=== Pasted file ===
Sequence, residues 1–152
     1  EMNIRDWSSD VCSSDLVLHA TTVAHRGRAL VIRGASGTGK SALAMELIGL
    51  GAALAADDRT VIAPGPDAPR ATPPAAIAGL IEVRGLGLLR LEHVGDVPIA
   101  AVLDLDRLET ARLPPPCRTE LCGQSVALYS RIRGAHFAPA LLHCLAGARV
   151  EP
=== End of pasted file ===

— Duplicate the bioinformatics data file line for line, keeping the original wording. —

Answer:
Sequence, residues 1–152
     1  EMNIRDWSSD VCSSDLVLHA TTVAHRGRAL VIRGASGTGK SALAMELIGL
    51  GAALAADDRT VIAPGPDAPR ATPPAAIAGL IEVRGLGLLR LEHVGDVPIA
   101  AVLDLDRLET ARLPPPCRTE LCGQSVALYS RIRGAHFAPA LLHCLAGARV
   151  EP